Gilder writes: "With wealth seen as stolen from the exploited poor, the poor in turn [are given] a license to dispossess and kill their oppressors and to disrupt capitalist economies. This is the foul message of Franz Fanon, Hamas, al-Qaida, Hezbollah, and the academic coteries of Chomsky, Zinn, and a thousand Marxist myrmidons across the campuses of the world. But no capitalist system can sustain prosperity amid constant violence. The idea that suicide bombing is a tolerable policy that can be extenuated by alleged grievances is preposterous. It is the violence that makes necessary the police measures that render economic progress impossible, particularly for the groups associated with the attacks. By justifying violent attacks on a civilized democracy -- and then condemning the necessary retaliatory defense -- leftists would allow no solution but tyranny."
Gilder's "Israel Test" is not one our Ivy Leaguer president can pass. Of course, Mr. Obama does not support terrorism. But he is giving $500 million this year to the PLO--which has simply deconstructed and re-defined its support for suicide bombers and stone throwers. The president simply shares the worldview of the academy--in which Israel is much to blame for "Mideast turmoil" as her attackers are. He believes that fairness requires redistribution of what he terms "the nation's wealth." He sees our Judeo-Christian heritage not as the bedrock of American Exceptionalism, but as merely one part of the broad tapestry of American life.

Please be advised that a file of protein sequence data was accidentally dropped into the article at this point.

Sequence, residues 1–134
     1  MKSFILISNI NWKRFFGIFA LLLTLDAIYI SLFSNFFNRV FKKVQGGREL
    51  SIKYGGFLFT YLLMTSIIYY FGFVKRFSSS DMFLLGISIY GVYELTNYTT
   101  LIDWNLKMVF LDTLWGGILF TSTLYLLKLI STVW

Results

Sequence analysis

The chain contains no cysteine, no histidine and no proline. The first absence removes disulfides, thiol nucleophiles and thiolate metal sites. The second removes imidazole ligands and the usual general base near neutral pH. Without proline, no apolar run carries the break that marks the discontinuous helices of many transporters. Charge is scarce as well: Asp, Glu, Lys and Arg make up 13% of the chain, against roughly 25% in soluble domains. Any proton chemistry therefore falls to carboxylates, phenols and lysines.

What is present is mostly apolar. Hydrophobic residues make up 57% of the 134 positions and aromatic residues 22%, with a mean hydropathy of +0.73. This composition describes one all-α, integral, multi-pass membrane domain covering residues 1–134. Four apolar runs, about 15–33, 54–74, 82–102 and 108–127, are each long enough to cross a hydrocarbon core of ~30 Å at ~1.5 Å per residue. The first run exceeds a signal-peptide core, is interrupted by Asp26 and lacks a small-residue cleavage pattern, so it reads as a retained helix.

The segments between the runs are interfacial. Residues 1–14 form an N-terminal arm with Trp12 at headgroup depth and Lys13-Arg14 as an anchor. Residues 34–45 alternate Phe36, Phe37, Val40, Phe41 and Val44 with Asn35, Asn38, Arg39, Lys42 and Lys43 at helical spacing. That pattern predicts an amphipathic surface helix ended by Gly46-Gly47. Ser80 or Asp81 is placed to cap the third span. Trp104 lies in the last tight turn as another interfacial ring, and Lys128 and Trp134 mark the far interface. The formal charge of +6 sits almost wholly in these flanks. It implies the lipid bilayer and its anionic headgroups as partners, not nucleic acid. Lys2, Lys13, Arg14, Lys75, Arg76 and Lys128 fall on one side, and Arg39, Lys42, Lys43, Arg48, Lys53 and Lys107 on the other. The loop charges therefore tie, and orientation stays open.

Barack Obama's intellectual world is one in which Fanon, Chomsky, Zinn, and those neo-Marxist thinkers hold sway. Only free societies can create enough surplus wealth to support such dissident scholars and their "myrmidons" in the Occupy Wall Street Movement in their midst. But such societies--in the U.S. and Canada, in Western Europe and in Israel--will not survive if they do not understand and protect the very foundations of their own freedom.Note: Articles listed under "Middle East studies in the News" provide information on current developments concerning Middle East studies on North American campuses. These reports do not necessarily reflect the views of Campus Watch and do not necessarily correspond to Campus Watch's critique.